The Best Post-Apocalyptic Movies Ever
The post-apocalyptic movie genre was born out of the paranoia of the Cold War, in which the end of the world as we knew it seemed likely to drop at any given moment. But even after the fall of the Iron Curtain, the genre continues to thrive. Because if history has taught us anything it’s that empires eventually crumble, and that a Dark Age is always just around the corner.
This weekend, one of the best post-apocalyptic movies ever made arrives in theaters: Mad Max: Fury Road. But is THE best? We asked our film critics – William Bibbiani, Witney Seibold and Brian Formo – to present their picks for The Best Post-Apocalyptic Movie Ever Made in this week’s edition of CraveOnline’s most conflict-oriented series. They can’t agree on anything most of the time, and this week is no exception.
Find out what they picked, let us know your favorite post-apocalyptic movies, and come back next week for yet another highly debatable installment of The Best Movie Ever!
Best Post-Apocalyptic Movies of All Time
Witney Seibold’s Pick: Planet of the Apes (1968)
One of the things I like best about Franklin J. Schaffner’s 1968 classic Planet of the Apes is how inextricably over everything is. Our human hero, played by Charlton Heston – the whitest, squarest, most heroic actor to ever stride on tanned taut thighs – lands on a distant planet after a technical problem strands he and his crewmates in the year AD 3978. That’s over two thousand years after they left. There was no time portal (at least not until Escape from the Planet of the Apes), and there is no chance of returning. In many post-apocalyptic movies, there is a small klatch of humanity hiding out somewhere, waiting to reunite and repopulate. There is a hint of oncoming utopia from such films. Planet of the Apes presents a future so distant – and a future so bizonkers – that no utopia can be had. Charlton Heston is doomed to remain the only intelligent human on a planet of talking intelligent chimps. I admire the go-for-broke hopelessness of that setup, and the 100% devotion that the filmmakers give it.
Planet of the Apes rides a delicate line between deep, salient political commentary (it’s likely you already know the famed twist ending), and utterly campy weirdness. Every piece of sociological commentary, buried notions of race relations, and on-the-sleeve nuclear tut-tutting, are all resting oddly comfortably on top of a cartoony premise about talking ape men from the future. It’s a film of extremes. Silly sci-fi oddness on the one hand, and hard-hitting essay on the other. And yet, the film manages to work as both. As such, Planet of the Apes is one of the more entertaining sci-fi films to come out of the 1960s, and is easily one of the best sci-fi films of all time.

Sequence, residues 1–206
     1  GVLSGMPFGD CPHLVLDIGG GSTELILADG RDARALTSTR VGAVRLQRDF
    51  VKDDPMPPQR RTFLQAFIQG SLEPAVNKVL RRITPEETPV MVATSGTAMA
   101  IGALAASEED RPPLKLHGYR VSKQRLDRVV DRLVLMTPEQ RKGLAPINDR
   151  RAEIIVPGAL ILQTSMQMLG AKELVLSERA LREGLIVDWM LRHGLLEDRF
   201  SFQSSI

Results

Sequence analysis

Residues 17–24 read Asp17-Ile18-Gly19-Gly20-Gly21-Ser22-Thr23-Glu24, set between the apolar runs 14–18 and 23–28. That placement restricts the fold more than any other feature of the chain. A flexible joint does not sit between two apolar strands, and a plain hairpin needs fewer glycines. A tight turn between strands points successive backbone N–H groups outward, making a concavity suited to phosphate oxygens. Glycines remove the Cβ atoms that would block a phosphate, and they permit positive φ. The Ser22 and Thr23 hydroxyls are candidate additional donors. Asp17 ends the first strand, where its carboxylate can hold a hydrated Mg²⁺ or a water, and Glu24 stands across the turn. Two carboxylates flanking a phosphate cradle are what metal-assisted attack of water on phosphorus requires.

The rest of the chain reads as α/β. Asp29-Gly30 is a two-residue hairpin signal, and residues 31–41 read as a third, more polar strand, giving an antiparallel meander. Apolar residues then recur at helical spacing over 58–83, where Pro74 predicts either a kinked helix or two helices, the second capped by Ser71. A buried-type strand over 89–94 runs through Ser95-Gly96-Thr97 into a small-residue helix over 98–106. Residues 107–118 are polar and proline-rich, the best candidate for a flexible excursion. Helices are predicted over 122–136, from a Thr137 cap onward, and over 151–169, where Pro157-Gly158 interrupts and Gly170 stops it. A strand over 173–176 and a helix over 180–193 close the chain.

The wacko premise was so alluring, in fact, that four sequels, two remakes, and a sequel to one of the remakes (not to mention two TV series) were all structured around it. Perhaps the films tap into a weird evolutionary suspicion of our most immediate genetic predecessors, tapping into what amounts to evolutionary survivor’s guilt. Sorry, chimps, but we got the big brains. We sincerely hope you don’t evolve past us some day, take control of the planet, and eventually start keeping humans as mute pets.
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William Bibbiani’s Pick: The Divide (2011)
Hate. That’s the emotion that tends to come up most when most people talk about The Divide, a low-budget post-apocalyptic thriller from messed up director Xavier Gens. Here is a film that is so confrontational, so morally bankrupt, so thoroughly doomed that the only rational reaction most people can muster is absolute hatred towards the filmmakers for making us sit through any and all of it.
And that’s brilliant. The fundamental underlying story of every post-apocalyptic movie is one of dissolution, with society and moral convention crumbling either in front of us or just barely in the background. But whereas even brilliant motion pictures like The Road Warrior and Planet of the Apes use the end of civilized life as we know it to question whether or not mankind can be saved, The Divide dares to show it gradually evaporate in the first place. We watch as a small group of survivors wait out the initial nuclear holocaust in an urban bunker. And they wait, and wait, and wait and wait and wait until they finally realize that there’s nothing to wait for.